08 Aug Building a Legacy
UofL Athletics has a long history of success. We’ve won national basketball titles. We’ve won major bowl games. We’ve been to the College World Series—three times. And as true fanatics do, we expect success. And that’s exactly what we get.
For the student-athletes’ efforts, we pack the games. We pack the home fields (women’s basketball, men’s basketball and men’s soccer rank in the top six nationally for attendance) and travel to all corners of the country to cheer on the Cards (New York, New Orleans, Miami, Portland and everywhere in between).
Here’s an example of just how powerful our base is—Forbes Magazine listed men’s basketball as the most valuable college basketball team from 2012 to 2016.
Consider our History
Under legendary Coach Denny Crum, the men’s basketball program reached dynasty status in the 1980s when the Cards won the NCAA National Championship twice (1980 and 1986) and went to the Final Four four times in six years. The legendary Darrell Griffith led the 1980 team, the “Doctors of Dunk.” (Keep your eyes peeled for Crum and Griffith on campus—they both work here.) Under Coach Rick Pitino, the program has had three appearances in the Final Four, and the 2013 national championship.
The women’s basketball team is on its own roll under head coach Jeff Walz, who in his second season in 2009 coached the team to a title game. Cards fans cheered on the team as they made a Cinderella run to the NCAA Championship in 2013. They made another run to the Elite 8 in 2014, where they played as the home team in the KFC Yum! Center. This topped off a successful season for this squad which featured the winningest senior class in history.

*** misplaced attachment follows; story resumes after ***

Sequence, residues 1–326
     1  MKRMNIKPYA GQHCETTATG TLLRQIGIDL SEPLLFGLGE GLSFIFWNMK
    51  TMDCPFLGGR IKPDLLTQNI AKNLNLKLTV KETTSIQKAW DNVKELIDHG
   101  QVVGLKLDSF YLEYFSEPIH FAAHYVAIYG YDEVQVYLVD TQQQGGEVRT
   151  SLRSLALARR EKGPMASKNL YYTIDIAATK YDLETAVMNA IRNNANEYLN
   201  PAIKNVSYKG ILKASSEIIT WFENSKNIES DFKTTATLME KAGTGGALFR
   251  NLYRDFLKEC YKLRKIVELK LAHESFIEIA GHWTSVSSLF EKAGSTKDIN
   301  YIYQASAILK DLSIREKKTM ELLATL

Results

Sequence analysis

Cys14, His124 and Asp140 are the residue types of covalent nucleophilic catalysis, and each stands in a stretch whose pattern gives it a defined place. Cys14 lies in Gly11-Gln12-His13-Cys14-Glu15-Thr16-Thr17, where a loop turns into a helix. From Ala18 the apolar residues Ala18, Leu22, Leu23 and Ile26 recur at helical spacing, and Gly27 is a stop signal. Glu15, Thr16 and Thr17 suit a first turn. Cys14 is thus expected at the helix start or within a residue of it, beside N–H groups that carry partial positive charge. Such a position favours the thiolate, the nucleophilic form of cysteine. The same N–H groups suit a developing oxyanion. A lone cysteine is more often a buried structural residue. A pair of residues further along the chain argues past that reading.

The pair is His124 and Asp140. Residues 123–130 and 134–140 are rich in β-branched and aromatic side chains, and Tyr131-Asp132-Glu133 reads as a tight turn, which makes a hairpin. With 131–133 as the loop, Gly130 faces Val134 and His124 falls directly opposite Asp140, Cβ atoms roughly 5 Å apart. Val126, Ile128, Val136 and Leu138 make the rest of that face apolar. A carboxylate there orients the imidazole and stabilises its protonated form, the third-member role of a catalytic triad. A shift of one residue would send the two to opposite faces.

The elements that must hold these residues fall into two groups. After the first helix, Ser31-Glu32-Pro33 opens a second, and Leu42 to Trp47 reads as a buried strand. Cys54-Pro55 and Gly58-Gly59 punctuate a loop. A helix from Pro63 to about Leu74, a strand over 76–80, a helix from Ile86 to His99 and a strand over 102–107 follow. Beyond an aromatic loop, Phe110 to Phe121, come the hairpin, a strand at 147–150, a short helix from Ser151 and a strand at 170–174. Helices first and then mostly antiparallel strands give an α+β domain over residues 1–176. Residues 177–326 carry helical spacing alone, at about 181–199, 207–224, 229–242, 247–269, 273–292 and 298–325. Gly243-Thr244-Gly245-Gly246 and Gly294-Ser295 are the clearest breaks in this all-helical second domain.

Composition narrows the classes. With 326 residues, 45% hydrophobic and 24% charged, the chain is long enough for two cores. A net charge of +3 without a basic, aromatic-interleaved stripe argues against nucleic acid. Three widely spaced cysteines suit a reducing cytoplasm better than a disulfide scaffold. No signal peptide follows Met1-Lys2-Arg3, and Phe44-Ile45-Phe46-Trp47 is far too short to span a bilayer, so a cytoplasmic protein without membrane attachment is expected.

And you can’t forget football. This is where the great Johnny Unitas played college football. He completed 245 passes for 3,139 yards and 27 touchdowns for the Cards from 1951 to 1954 before going on to an 18-year career in the NFL. Lee Corso, now a football analyst for ESPN, started his head-coaching career here. For a time, UofL was considered “Linebacker U,” producing such greats as Doug Buffone, Tom Jackson and Otis Wilson, who all went on to stellar pro careers. Coach Howard Schnellenberger brought the football program back from the brink of extinction in the 1980s, eventually leading the Cards to a 1991 Fiesta Bowl championship over Alabama. The success continued under coaches Bobby Petrino and Charlie Strong, with wins in the 2007 Orange Bowl and the 2013 Sugar Bowl. With Petrino now again at the helm, look for a high-scoring offensive machine.
A Game Changer
2014 was the start of something really special though.
The Cards—and the university as a whole—moved to the Atlantic Coast Conference (ACC), one of the premier leagues in the NCAA. It’s the kind of league filled with history, great competition and champions.
Participating in this conference means competition among perennial powerhouses like Duke, the University of North Carolina and Florida State.
The competition is fierce and the stakes higher for all of our teams.
But off the court, we’re cool with one another. In fact, we’re collaborating in research, academics and student life.
The ACC may be known for its athletic prowess, but it is also a proven academic powerhouse. More than half of conference institutions are routinely listed in the top 50 of U.S. News and World Report’s annual “Best Colleges” ranking. The conference also uses its athletic identity to enrich the educational missions and undergraduate experience through the Atlantic Coast Conference International Academic Collaborative. The ACCIAC sponsors academic initiatives that cater to all students, not just student-athletes, such as annual student leadership and undergraduate conferences.
But hey, we’re here to talk sports. Let’s see a little more about our rivals.
Following Former Cards
As a UofL diehard, you’ll continue to follow the Cards even after they leave campus. Here are a few of our most loved athletes who’ve taken it to the next level:
New Orleans Saints
New York Liberty
Boston Marathon winner
New England Revolution
New York Jets